As a direct consequence, there is much closer cooperation between the DMS and the NHS to provide treatment for the Armed Forces and also to maintain the skills of the Armed Forces medical personnel, and to provide high quality postgraduate training to serving clinicians. The MOD contracts with six NHS trusts to provide appropriate placements for the majority, but by no means all, of DMS secondary care personnel to meet this operational requirement: RCDM Clinical Unit at University Hospitals Birmingham NHS Foundation Trust MDHU Frimley Park Hospital, Surrey MDHU Northallerton, North Yorkshire MDHU Peterborough City Hospital, Cambridgeshire MDHU Derriford Hospital, Plymouth MDHU Queen Alexandra Hospital, Portsmouth
Tier 1 – Primary Care Rehabilitation Facilities (PCRFs) Tier 2 – Regional Rehabilitation Units (RRUs). There are 15 Regional Rehabilitation Units (RRUs): Aldergrove, Aldershot, Bulford, Catterick, Colchester, Cosford, Cranwell, Edinburgh, Halton, Honnington, Plymouth, Portsmouth, St Athan and Tidworth, with 2 located in Germany. Tier 3 – Defence Medical Rehabilitation Centre Headley Court for the most complex cases.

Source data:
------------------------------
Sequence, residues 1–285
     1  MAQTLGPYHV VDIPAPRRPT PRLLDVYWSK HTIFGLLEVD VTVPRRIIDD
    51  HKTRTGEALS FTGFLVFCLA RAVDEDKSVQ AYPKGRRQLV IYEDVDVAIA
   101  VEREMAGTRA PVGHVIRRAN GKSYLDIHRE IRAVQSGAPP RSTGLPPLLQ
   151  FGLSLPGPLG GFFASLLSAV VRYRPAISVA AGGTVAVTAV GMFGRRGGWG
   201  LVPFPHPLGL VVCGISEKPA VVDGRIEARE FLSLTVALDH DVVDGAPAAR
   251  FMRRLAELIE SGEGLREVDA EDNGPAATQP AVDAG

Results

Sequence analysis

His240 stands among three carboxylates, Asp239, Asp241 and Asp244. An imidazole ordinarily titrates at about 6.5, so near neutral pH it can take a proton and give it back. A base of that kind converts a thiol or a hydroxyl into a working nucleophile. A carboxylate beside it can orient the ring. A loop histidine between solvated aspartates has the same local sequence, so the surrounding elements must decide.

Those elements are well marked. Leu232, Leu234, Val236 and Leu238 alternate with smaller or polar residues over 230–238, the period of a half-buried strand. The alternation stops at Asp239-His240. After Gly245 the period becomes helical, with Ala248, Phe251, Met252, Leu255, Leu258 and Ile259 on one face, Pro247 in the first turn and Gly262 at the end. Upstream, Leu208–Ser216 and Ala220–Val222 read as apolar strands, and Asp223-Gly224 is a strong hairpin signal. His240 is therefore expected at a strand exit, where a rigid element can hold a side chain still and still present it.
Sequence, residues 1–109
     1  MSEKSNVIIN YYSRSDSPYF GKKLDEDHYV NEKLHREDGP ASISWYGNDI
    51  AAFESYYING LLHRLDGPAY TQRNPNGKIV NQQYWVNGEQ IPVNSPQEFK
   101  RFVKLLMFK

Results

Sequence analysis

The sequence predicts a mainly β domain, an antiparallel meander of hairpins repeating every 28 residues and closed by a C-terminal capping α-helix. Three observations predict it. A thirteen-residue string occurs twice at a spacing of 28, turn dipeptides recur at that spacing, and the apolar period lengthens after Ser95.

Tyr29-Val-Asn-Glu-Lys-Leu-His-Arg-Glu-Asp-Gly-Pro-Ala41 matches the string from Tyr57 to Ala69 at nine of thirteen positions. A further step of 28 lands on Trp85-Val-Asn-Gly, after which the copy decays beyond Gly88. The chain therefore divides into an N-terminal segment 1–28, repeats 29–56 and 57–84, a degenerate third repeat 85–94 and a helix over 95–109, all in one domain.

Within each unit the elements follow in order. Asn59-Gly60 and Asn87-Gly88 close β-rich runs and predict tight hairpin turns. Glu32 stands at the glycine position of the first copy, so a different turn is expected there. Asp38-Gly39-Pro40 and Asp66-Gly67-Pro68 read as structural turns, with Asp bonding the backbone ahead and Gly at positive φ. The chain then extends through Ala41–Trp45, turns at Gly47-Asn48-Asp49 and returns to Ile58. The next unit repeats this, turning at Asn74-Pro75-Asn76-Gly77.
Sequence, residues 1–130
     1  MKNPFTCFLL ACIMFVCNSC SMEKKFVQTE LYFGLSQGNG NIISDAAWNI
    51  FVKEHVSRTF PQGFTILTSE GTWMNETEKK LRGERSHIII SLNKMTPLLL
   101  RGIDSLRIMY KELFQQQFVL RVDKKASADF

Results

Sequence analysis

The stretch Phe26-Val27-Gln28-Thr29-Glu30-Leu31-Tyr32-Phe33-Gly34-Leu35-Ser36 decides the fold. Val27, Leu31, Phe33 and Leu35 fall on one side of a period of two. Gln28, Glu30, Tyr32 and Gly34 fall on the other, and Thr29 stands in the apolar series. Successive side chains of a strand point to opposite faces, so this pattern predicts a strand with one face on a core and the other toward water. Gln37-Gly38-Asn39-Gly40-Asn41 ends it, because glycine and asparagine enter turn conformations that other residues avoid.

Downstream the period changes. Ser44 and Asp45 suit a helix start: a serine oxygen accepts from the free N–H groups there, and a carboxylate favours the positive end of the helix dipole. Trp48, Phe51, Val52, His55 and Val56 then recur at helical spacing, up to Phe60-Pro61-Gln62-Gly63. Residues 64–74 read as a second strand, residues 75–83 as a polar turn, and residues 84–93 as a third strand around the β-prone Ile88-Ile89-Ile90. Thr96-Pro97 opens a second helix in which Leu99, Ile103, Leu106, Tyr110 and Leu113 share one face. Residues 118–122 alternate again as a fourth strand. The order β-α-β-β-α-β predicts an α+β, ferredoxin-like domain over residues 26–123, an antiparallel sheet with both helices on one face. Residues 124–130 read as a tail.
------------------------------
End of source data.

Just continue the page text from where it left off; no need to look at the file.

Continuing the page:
5.2 Provision of Secondary Health Care Across the UK In the UK, Armed Forces personnel are now treated within the NHS based on clinical need and this is generally delivered by the local NHS hospital, some of which are NHS Trusts that host Ministry of Defence Hospital Units (MDHUs).
5.3 Placement of DMS Secondary Care Personnel Over the last 40 years, secondary care provision has undergone significant changes with the closure of military hospitals both in UK and overseas.